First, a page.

There are 44 people coming to a dinner party. There are 15 square tables that seat 4 people. Find a way to seat the 44 people using all 15 tables, with no empty places.

Find your way through the grid starting at 2 and following these operations. What number do you end on?

How could you arrange at least two dice in a stack so that the total of the visible spots is 18?

Have a go at this well-known challenge. Can you swap the frogs and toads in as few slides and jumps as possible?

Katie had a pack of 20 cards numbered from 1 to 20. She arranged the cards into 6 unequal piles where each pile added to the same total. What was the total and how could this be done?

Write the numbers up to 64 in an interesting way so that the shape they make at the end is interesting, different, more exciting ... than just a square.

Suppose there is a train with 24 carriages which are going to be put together to make up some new trains. Can you find all the ways that this can be done?

Add the sum of the squares of four numbers between 10 and 20 to the sum of the squares of three numbers less than 6 to make the square of another, larger, number.

Use these head, body and leg pieces to make Robot Monsters which are different heights.

Place this "worm" on the 100 square and find the total of the four squares it covers. Keeping its head in the same place, what other totals can you make?

There were chews for 2p, mini eggs for 3p, Chocko bars for 5p and lollypops for 7p in the sweet shop. What could each of the children buy with their money?

Number problems at primary level that require careful consideration.

How could you put these three beads into bags? How many different ways can you do it? How could you record what you've done?

There are to be 6 homes built on a new development site. They could be semi-detached, detached or terraced houses. How many different combinations of these can you find?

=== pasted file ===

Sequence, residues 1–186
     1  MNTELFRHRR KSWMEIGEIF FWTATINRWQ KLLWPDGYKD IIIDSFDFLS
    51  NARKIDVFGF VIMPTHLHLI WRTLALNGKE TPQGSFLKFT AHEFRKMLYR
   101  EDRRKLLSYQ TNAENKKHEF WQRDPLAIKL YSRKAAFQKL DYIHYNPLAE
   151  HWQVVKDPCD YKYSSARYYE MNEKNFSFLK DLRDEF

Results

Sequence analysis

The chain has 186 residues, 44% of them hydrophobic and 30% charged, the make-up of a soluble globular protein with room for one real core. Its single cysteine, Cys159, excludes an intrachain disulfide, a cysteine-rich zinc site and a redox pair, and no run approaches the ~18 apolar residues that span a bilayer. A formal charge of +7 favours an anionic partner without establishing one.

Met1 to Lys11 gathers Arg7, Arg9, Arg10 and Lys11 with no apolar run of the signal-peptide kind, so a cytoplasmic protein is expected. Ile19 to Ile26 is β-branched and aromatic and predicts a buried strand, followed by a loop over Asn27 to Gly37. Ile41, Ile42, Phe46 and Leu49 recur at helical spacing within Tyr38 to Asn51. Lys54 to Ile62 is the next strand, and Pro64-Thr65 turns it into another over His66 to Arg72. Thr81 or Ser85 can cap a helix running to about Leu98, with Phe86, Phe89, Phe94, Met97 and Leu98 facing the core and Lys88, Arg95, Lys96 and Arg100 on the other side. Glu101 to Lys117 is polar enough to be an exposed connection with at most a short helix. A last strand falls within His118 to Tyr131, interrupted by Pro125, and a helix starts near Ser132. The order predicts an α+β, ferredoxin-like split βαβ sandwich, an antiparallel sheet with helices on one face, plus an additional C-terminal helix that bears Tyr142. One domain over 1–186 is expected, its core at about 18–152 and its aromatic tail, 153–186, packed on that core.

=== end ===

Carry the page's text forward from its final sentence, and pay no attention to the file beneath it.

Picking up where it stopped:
If you had any number of ordinary dice, what are the possible ways of making their totals 6? What would the product of the dice be each time?

This task, written for the National Young Mathematicians' Award 2016, focuses on 'open squares'. What would the next five open squares look like?

This task follows on from Build it Up and takes the ideas into three dimensions!

This dice train has been made using specific rules. How many different trains can you make?

This task, written for the National Young Mathematicians' Award 2016, invites you to explore the different combinations of scores that you might get on these dart boards.

These two group activities use mathematical reasoning - one is numerical, one geometric.

Look carefully at the numbers. What do you notice? Can you make another square using the numbers 1 to 16, that displays the same properties?

This challenge focuses on finding the sum and difference of pairs of two-digit numbers.

Find the sum and difference between a pair of two-digit numbers. Now find the sum and difference between the sum and difference! What happens?

This problem is based on the story of the Pied Piper of Hamelin. Investigate the different numbers of people and rats there could have been if you know how many legs there are altogether!